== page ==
We consider a security problem on a distributed network.
We assume a network whose nodes are vulnerable to infection
by threats (e.g. viruses), the attackers. A system security
software, the defender, is available in the system. However,
due to the networkĘs size, economic and performance reasons,
it is capable to provide safety, i.e. clean nodes from
the possible presence of attackers, only to a limited part of
it. The objective of the defender is to place itself in such a
way as to maximize the number of attackers caught, while
each attacker aims not to be caught.
In , a basic case of this problem was modeled as a
non-cooperative game, called the Edge model. There, the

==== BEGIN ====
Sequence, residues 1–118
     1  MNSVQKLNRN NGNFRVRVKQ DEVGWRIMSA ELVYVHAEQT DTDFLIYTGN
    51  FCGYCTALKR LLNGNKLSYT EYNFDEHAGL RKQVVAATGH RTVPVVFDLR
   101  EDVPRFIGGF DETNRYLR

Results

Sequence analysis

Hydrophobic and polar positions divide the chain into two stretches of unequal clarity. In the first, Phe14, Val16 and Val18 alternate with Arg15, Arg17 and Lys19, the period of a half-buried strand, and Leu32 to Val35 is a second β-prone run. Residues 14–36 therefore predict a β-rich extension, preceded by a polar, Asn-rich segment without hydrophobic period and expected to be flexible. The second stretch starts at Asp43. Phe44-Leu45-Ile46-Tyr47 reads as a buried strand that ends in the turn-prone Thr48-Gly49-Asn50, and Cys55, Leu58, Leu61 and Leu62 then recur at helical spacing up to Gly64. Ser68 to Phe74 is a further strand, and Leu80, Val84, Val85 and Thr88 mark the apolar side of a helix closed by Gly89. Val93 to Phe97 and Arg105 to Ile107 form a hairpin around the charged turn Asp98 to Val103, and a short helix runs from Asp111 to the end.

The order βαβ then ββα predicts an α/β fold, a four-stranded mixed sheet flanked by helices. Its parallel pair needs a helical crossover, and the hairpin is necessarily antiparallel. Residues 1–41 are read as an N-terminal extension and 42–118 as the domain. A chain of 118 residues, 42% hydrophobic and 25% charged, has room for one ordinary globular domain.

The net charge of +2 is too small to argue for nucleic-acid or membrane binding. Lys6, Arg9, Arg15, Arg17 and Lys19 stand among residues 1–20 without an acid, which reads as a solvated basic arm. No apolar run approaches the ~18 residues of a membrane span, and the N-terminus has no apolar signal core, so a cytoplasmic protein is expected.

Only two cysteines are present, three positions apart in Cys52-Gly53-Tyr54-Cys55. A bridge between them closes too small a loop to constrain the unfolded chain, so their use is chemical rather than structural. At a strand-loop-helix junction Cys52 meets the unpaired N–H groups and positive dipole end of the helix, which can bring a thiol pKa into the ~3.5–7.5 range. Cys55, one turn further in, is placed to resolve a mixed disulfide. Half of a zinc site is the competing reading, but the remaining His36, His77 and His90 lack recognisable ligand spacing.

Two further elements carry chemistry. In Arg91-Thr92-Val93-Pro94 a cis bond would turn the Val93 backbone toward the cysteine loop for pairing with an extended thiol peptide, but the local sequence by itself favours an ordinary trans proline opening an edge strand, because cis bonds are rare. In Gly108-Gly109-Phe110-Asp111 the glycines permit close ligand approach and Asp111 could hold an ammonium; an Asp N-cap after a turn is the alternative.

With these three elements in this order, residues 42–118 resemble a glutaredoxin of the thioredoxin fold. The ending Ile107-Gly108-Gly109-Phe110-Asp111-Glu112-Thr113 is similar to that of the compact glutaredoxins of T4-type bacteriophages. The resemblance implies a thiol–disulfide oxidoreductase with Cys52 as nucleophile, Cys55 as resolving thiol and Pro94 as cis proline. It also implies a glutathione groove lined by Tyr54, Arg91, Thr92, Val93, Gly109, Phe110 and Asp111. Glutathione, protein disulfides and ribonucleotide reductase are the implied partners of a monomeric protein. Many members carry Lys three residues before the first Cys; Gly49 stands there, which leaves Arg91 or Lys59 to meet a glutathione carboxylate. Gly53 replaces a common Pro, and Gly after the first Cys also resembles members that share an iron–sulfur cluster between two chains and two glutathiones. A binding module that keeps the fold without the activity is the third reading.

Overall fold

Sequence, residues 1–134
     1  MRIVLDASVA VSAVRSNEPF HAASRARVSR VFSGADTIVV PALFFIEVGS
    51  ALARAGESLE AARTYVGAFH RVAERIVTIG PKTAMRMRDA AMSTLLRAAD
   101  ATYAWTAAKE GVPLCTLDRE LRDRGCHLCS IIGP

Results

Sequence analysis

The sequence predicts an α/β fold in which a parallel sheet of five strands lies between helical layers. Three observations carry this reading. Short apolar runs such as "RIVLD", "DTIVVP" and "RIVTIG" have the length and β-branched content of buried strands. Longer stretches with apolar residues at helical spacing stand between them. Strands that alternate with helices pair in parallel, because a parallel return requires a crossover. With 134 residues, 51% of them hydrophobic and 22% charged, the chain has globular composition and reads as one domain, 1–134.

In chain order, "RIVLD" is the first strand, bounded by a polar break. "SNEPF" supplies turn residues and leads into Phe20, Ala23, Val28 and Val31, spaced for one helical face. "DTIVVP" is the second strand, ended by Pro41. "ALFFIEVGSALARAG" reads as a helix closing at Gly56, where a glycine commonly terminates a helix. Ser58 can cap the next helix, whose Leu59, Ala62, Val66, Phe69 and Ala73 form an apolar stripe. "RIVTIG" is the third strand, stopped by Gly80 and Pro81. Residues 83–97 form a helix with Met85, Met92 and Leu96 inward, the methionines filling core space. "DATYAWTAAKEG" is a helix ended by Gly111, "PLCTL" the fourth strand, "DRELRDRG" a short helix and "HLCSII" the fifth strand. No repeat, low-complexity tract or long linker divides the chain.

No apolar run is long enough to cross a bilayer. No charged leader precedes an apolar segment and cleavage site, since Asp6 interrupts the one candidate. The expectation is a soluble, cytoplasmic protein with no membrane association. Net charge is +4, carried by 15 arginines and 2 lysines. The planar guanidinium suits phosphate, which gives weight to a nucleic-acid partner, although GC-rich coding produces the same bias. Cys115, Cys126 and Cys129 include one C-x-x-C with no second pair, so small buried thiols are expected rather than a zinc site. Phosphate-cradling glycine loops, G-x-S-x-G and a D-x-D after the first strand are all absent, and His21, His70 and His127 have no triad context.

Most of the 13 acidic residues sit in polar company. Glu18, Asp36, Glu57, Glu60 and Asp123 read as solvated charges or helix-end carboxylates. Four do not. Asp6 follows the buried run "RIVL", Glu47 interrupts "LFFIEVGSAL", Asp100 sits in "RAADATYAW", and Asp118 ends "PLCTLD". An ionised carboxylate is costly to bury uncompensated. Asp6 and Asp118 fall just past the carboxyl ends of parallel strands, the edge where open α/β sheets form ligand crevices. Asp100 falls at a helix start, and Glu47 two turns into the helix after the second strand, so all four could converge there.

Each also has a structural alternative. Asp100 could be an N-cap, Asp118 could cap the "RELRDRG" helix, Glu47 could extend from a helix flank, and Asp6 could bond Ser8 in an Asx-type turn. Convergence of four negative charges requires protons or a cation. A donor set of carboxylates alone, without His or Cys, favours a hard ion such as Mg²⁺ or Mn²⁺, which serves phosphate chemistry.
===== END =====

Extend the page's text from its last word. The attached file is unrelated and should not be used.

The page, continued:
defender could protect a single link of the network. Here,
we consider a more general case of the problem where the
defender is able to scan and protect a set of k links of the
network, which we call the Tuple model. It is natural to expect
that this increased power of the defender should result
in a better quality of protection for the network. Ideally,
this would be achieved at little expense on the existence and
complexity of Nash equilibria (profiles where no entity can
improve its local objective unilaterally by switching placements
on the network).
In this paper we study pure and mixed Nash equilibria
in the model. In particular, we propose algorithms for computing
such equilibria in polynomial time and we provide a
polynomial-time transformation of a special class of Nash
equilibria, called matching equilibria, between the Edge
model and the Tuple model, and vice versa. Finally, we
establish that the increased power of the defender results in
higher-quality protection of the network.